Wednesday, September 29, 2010
My Grandma used to freeze her trash. I thought it was crazy too, until I considered what trash she was freezing. She was only freezing the trash that would cause a stink until it could be taken by the trash man. Leftover carcasses, scraps of casseroles, bones or any food that would rot and leave any odor would be wrapped in foil and put into the freezer until trash day. This could be seen as over orderly, OCD, desperately neat, any title you feel it deserves to make sense of it. But now, at this age, in this time, I get it. I would freeze my trash. Then. But now, we don't have the need, or the inclination. We have disposals (if you are lucky) we have weekly or biweekly trash removal. Recycling, composting, plastic wrap, plastic storage that could survive in space is how we handle leftover food now.
She had a trash compactor for many many years, longer than I was aware of any sort of disposal. I thought it was fun, even a bit exciting to put the tiniest bit of rubbish in the compacter and listen to it crush into near oblivion. The thought of where it was going, who took it there and how long it stayed, was never an issue. Never brought up. The big black plastic bag was just taken out, out into the metal bin and then taken away. Away.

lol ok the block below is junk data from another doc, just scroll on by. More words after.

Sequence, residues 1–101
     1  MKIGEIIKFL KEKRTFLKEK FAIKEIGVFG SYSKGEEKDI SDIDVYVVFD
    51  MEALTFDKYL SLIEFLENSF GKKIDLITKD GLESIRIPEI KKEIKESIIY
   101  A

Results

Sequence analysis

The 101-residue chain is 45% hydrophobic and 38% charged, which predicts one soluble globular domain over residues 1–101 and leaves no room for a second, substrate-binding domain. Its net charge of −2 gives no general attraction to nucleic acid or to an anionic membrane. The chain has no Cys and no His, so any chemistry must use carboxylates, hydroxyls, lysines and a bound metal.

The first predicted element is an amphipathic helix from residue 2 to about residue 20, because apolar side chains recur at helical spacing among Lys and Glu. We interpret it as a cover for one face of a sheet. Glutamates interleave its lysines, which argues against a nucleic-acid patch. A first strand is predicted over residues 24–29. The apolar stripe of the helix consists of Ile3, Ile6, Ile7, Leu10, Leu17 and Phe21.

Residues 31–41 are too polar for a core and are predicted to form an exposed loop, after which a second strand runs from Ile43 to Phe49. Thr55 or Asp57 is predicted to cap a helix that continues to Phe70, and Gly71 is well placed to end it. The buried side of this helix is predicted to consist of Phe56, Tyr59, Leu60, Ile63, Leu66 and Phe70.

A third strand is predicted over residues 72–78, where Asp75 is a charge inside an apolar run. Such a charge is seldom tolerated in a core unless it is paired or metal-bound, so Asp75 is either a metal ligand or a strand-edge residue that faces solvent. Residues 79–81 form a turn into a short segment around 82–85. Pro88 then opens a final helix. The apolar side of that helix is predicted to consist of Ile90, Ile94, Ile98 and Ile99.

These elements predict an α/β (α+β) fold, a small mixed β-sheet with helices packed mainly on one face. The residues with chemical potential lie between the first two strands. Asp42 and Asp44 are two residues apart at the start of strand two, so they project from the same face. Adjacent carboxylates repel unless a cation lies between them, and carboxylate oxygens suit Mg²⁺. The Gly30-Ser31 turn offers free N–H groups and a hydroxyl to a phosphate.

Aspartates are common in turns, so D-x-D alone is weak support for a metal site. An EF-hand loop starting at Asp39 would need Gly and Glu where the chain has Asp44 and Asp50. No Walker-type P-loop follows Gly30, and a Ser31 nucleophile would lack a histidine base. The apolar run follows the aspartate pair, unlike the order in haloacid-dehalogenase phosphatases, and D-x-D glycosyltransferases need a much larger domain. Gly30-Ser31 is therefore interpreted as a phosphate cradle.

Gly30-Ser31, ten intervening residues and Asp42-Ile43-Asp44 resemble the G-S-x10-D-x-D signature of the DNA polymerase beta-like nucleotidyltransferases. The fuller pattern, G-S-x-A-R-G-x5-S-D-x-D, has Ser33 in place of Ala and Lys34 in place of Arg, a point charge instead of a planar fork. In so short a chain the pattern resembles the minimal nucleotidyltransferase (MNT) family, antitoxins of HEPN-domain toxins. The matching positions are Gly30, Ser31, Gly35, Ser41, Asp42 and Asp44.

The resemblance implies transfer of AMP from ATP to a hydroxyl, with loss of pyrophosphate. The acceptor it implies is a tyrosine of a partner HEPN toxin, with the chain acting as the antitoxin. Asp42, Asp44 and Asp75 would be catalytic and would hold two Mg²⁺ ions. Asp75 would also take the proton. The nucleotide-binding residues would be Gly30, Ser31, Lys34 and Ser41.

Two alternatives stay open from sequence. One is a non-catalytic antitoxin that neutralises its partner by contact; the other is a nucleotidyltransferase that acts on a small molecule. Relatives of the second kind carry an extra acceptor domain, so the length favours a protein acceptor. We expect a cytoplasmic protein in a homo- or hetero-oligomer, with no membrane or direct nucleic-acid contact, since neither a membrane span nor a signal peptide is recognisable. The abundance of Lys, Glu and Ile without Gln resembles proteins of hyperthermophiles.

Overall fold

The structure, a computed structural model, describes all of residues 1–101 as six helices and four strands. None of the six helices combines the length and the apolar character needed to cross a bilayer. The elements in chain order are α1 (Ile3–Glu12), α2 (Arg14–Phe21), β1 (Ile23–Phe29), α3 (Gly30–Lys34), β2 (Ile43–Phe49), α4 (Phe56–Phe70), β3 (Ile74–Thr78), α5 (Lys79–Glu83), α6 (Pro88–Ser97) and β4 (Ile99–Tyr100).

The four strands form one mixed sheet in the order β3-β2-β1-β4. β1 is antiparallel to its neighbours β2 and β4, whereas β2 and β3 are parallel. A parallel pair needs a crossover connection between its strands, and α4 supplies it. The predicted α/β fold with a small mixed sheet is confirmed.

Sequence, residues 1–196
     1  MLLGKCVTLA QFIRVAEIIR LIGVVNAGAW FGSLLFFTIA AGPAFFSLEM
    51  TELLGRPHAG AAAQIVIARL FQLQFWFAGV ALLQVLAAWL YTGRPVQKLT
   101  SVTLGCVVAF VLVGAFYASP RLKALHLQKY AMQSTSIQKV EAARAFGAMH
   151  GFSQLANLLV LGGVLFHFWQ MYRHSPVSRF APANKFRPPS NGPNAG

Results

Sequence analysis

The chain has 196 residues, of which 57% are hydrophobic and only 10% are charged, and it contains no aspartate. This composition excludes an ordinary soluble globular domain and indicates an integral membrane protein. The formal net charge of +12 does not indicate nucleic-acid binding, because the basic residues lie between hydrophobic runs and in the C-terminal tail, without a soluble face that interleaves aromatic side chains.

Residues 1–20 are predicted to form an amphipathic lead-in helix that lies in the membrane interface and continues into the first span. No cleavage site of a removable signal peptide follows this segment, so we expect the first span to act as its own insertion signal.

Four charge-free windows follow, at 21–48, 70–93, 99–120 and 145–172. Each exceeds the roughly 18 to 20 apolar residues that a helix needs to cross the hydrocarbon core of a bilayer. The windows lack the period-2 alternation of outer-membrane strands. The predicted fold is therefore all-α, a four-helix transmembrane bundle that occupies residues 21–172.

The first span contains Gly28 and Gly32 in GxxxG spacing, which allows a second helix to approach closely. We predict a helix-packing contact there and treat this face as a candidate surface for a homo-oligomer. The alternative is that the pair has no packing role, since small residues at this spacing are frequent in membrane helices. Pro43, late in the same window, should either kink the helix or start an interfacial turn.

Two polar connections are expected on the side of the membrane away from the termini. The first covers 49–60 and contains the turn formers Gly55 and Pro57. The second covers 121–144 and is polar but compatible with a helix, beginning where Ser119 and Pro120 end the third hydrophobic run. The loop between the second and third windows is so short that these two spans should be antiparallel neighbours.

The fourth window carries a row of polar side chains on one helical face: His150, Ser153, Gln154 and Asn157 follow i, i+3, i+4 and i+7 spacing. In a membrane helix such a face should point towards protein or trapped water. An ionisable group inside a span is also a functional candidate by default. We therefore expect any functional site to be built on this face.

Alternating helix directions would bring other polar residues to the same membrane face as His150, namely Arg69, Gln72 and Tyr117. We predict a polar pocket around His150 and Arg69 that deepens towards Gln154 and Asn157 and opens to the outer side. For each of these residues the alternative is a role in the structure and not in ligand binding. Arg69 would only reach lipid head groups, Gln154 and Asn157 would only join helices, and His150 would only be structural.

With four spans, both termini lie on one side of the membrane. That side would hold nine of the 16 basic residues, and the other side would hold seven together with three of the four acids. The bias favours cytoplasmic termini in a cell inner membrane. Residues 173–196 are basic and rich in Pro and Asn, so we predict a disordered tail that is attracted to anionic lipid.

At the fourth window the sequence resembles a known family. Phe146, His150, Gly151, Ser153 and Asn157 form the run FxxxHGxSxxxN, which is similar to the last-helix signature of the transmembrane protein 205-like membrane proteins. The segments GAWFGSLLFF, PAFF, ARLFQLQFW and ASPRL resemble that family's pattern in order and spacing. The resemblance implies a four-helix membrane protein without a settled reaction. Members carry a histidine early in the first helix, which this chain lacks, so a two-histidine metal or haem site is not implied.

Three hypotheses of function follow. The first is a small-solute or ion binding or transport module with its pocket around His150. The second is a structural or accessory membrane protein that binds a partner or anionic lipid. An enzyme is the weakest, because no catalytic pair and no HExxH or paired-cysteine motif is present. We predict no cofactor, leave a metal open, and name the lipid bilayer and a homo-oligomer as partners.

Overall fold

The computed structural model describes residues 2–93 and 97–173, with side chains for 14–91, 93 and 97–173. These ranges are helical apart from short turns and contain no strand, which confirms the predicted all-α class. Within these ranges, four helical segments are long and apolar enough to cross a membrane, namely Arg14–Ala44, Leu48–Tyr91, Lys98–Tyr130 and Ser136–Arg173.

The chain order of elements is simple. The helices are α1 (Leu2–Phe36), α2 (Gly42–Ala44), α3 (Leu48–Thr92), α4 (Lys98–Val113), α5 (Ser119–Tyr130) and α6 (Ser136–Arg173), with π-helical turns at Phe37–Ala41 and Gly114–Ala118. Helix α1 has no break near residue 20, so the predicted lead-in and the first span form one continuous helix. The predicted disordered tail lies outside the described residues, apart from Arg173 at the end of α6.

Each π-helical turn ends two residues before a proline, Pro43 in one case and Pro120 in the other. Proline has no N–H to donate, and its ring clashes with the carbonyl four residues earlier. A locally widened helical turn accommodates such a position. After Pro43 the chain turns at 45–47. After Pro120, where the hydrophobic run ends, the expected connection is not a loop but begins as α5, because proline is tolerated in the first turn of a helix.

I have been thinking about the freezing. The freezing of what would be offensive, the leftovers, the stink. We have these reminders, scars of what has happened in our lives that we sometimes have no idea what to do with, where to put them. Can we just freeze them, until they are so cold, hard and brittle that we either don't feel them anymore or they are covered up in the back of who we are that we forget? The problem is the thaw and the ultimate stink that will choke up your whole life again. I don't know if there is any away that is away enough to throw these memories and who will hold them? Who is in charge of burning the heap?